Hello friends *waves*. Here we are again – after a 7 month hiatus – and it feels so good to be back. It’s the longest break in Chew Town history. Why the long break? Well, 7 months ago I had a pretty blooming adorable baby girl. While I could easily become THAT mum that shares 1M photos of their adorable little one on this blog… you are here for the food and not the baby. So, you will just have to wait until she is old enough to start holding food for her mumma because I finally have a hand model in the making!! Cooking, styling and shooting for this blog and my food photography clients over at Amanda Michetti Photo for so many years on my own makes me more than a little excited for the tiny hands you are soon going to see pop up holding things #babiesholdingfood.
For my first post back, I wanted to share a recipe that is truly special to me and my Italian family. Blue Swimmer Crabs play a big part in my family’s history. My mother and father both emigrated to Australia separately and met and married in Western Australia. A short time after they married, my father (a hairdresser by trade) bought a block of land south of Perth in Mandurah as the family’s holiday house. My sister, brother and I spent all of our lives headed down south for weekends and holidays, and while the little shack he built is replaced by a large two story house to accommodate us all and our partners and children, the place is still very much the Mandurah of our childhood.
My father still owns and uses 40 year old “Chee-Chee”, the little retro boat he bought when he bought the block of land. Chee-Chee has had a few major overhauls in her day… but she is still the little boat that we all go out on to catch Blue Swimmer Crabs straight from the estuary in Mandurah.
I never really liked eating crabs when I was younger, but I did love catching them! Also known as a Blue Manna Crab, the Blue Swimmer Crab is found in coastal areas (mainly bays, estuaries and intidal areas) and is found around most of the Australian coast. They are caught using traps which are thrown into the water with bait. Mandurah is known for its blue swimmers (they even have an annual blue swimmer festival) but while I remember the days when your trap only needed to be in the water for 10 minutes before you’d have a lovely haul of crabs… those days are long gone. Overfishing in the area means that for many years a number of boats would take FAR more than their quota and also take undersized crabs – which is absolutely terrible for the ecosystem. My family only takes what we need for a single feed of crabs that day and we make sure we never take undersized crabs.
I’m happy to say that as I grew up, my palate did too so those days of not liking crab are long gone. Thank goodness, because this blue swimmer crab recipe is absolutely incredible and is the main way that we as a family have been enjoying blue swimmers for over 40 years. If you are going to eat crabs… you need to eat crabs! You need to get your hands dirty. This is not about someone picking all the bits of delicious crab meat out of the shell for you, it is about you taking the time to meticulously comb through your crab and eat the meat along with the delicious herbed pasta in whatever manner suits you.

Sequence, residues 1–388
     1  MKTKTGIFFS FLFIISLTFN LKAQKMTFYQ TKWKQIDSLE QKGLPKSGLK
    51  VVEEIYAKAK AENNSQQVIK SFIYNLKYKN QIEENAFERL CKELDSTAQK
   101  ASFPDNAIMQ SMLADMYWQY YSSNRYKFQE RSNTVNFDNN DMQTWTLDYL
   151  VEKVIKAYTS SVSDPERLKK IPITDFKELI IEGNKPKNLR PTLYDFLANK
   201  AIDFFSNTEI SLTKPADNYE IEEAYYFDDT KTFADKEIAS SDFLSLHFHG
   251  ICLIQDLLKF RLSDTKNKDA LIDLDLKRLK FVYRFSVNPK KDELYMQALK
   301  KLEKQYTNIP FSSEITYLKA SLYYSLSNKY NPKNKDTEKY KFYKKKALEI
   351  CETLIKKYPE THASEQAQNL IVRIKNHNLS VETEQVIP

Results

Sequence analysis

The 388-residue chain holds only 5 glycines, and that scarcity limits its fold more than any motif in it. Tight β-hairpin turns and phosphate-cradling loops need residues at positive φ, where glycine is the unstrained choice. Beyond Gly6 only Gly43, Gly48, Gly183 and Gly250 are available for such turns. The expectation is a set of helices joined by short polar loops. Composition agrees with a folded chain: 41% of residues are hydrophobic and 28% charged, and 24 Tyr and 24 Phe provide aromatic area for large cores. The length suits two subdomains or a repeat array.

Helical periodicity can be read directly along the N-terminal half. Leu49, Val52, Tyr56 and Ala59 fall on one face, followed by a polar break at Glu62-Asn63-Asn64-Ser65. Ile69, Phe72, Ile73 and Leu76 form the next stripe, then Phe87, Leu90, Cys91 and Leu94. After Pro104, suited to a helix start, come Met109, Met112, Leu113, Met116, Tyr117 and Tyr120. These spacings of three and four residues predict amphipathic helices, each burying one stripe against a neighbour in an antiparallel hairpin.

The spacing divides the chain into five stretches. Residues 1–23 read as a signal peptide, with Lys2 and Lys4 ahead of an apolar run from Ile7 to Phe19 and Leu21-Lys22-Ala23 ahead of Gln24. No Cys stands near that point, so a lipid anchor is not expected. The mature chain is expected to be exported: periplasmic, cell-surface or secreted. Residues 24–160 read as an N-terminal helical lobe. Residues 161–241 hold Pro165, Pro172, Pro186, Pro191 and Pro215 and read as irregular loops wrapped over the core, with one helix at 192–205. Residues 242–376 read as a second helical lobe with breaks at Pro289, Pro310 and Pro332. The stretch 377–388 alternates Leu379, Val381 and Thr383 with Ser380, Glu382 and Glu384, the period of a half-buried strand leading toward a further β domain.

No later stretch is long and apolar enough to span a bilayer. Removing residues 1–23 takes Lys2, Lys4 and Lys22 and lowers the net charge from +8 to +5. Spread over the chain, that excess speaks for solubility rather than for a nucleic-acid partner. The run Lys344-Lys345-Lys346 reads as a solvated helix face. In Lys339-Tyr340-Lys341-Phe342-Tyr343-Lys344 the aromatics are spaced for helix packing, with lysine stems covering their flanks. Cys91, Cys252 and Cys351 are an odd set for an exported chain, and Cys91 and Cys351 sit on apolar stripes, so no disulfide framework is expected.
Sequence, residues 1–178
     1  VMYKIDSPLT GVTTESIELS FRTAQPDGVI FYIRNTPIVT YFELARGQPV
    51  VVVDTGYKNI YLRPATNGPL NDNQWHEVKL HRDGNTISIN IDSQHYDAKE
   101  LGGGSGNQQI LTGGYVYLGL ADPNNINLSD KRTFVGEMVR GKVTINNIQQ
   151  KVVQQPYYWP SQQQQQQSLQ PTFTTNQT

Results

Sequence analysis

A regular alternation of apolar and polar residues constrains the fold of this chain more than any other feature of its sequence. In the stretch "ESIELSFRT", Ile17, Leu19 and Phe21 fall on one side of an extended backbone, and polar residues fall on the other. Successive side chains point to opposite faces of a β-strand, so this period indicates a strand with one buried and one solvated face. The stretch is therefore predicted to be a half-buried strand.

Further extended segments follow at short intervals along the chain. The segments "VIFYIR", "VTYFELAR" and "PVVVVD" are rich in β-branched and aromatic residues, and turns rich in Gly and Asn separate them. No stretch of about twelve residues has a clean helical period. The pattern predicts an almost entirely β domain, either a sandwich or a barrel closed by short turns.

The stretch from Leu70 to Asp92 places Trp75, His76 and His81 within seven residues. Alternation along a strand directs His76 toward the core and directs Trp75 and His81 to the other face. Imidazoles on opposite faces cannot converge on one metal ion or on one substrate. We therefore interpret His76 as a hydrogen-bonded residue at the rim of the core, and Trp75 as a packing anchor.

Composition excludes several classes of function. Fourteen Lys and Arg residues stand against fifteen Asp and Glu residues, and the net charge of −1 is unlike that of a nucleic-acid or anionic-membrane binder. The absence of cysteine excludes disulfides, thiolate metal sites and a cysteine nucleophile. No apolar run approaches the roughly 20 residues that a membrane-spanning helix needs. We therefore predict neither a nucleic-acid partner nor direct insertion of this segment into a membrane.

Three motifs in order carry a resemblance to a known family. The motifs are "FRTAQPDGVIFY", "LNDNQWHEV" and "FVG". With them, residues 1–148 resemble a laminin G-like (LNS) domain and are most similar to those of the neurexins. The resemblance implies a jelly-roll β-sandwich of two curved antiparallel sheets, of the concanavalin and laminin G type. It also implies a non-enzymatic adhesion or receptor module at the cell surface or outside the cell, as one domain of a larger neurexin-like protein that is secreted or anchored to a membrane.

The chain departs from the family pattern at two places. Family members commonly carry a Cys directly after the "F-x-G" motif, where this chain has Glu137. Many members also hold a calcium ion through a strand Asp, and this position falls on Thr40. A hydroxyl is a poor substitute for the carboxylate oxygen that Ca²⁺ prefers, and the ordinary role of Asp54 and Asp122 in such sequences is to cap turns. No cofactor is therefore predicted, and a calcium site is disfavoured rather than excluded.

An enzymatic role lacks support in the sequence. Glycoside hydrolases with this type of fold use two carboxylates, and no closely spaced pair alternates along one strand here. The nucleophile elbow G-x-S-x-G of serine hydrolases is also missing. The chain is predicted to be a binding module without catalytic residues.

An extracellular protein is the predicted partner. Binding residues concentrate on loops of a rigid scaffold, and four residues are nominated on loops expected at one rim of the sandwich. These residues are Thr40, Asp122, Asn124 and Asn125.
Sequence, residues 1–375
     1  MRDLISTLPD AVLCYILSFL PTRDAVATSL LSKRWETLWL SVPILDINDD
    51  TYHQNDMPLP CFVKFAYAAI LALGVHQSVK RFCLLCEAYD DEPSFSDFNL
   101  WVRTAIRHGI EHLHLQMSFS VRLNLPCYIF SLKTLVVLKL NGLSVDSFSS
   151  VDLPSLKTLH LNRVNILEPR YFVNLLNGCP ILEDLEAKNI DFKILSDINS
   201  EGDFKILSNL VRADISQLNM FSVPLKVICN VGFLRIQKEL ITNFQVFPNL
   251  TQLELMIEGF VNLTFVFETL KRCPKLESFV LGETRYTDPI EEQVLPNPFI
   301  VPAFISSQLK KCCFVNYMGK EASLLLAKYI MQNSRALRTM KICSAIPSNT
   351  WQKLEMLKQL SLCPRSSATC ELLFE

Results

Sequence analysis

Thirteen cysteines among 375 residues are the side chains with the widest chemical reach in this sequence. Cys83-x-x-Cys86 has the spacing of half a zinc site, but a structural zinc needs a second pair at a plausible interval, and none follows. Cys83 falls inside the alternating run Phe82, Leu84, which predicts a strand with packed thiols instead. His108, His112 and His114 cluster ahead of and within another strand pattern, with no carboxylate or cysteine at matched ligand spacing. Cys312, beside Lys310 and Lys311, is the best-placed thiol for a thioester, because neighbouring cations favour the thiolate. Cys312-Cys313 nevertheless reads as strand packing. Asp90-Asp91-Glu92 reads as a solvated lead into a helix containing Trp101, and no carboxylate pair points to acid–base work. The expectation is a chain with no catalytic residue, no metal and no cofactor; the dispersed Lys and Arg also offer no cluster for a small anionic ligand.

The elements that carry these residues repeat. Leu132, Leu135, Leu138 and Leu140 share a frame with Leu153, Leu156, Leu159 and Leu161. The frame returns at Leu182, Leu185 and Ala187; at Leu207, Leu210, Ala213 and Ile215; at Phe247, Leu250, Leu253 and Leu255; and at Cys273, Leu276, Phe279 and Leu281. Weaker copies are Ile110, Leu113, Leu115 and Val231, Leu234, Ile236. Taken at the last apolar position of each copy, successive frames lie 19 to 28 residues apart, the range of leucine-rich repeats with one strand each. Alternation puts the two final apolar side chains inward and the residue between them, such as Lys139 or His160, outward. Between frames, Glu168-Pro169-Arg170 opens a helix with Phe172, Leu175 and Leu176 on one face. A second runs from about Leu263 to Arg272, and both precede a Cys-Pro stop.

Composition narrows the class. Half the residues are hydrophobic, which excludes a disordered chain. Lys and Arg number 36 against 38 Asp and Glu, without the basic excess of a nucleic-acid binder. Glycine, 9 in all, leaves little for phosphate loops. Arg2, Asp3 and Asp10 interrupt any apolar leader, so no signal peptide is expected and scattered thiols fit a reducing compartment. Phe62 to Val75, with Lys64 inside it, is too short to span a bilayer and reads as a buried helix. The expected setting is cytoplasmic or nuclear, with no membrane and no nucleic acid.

For my husband that means playing the long game. He sits there with his nut cracker (to break through the crab legs) and his little seafood fork and gets every last bit of the crab out of its shell before tossing it in with his pasta and eating it all together. He is clearly much more patient than our family who (known for their impatience) eats a little of the crab and then a little of the pasta as we go.
While we have the absolute pleasure to enjoy this dish with crabs fresh from the estuary and herbs from the Mandurah kitchen garden, you can just as easily make this recipe with blue swimmer crabs from your local seafood shop. All you’ll need is a little extra white wine which I’ve mentioned in the recipe below.
Thanks for waiting for me to return to Chew Town. It is so wonderful to be able to share such a meaningful recipe for my first post back and I am excited to get back into the kitchen to concoct and share many more wonderful recipes with you.
Blue Swimmer Crab Pasta
- 6 Blue Swimmer Crabs, cleaned and halved
- 1 1/4 cups good quality olive oil
- 3/4 cup finely chopped fresh basil, loosely packed
- 3/4 cup finely chopped fresh continental parsley, loosely packed
- 8 garlic cloves, finely chopped
- 2 birds eye chillies, seeds removed and finely chopped
- Pepper, to taste
- 450g packet of dried angel hair pasta
- IF USING STORE BOUGHT CRABS - 1 cup dry white wine
Fill a large pot with water and place on the cooktop to boil for the pasta. You do not need to salt the water in this instance, because the crabs will add the right amount of saltiness to the pasta.
Place another large saucepan (which can comfortably accommodate all crabs) on the cooktop on medium heat and add olive oil. Once oil is shimmering, lower the heat and add herbs, garlic and chilli. Saute over low heat until fragrant and softened, but do not let the garlic brown. Once the garlic has softened, add the crabs (and the white wine if you aren't using freshly caught crabs) to the pot and increase heat to medium high. Pop the lid on and once the crabs are pink underneath toss in the pot with the lid on to flip the crabs.
If you have smaller crabs, they will cook in about 10 minutes, larger crabs will take 20 minutes all up. When you have 4-5 minutes left, add the pasta to the boiling water and cook for 4-5 minutes or until cooked. Once the pasta is cooked, drain.
Remove the crabs from the herbed oil and put aside. Toss the pasta in the herbed oil and then transfer to a large serving platter and top with the cooked crab. Serve immediately.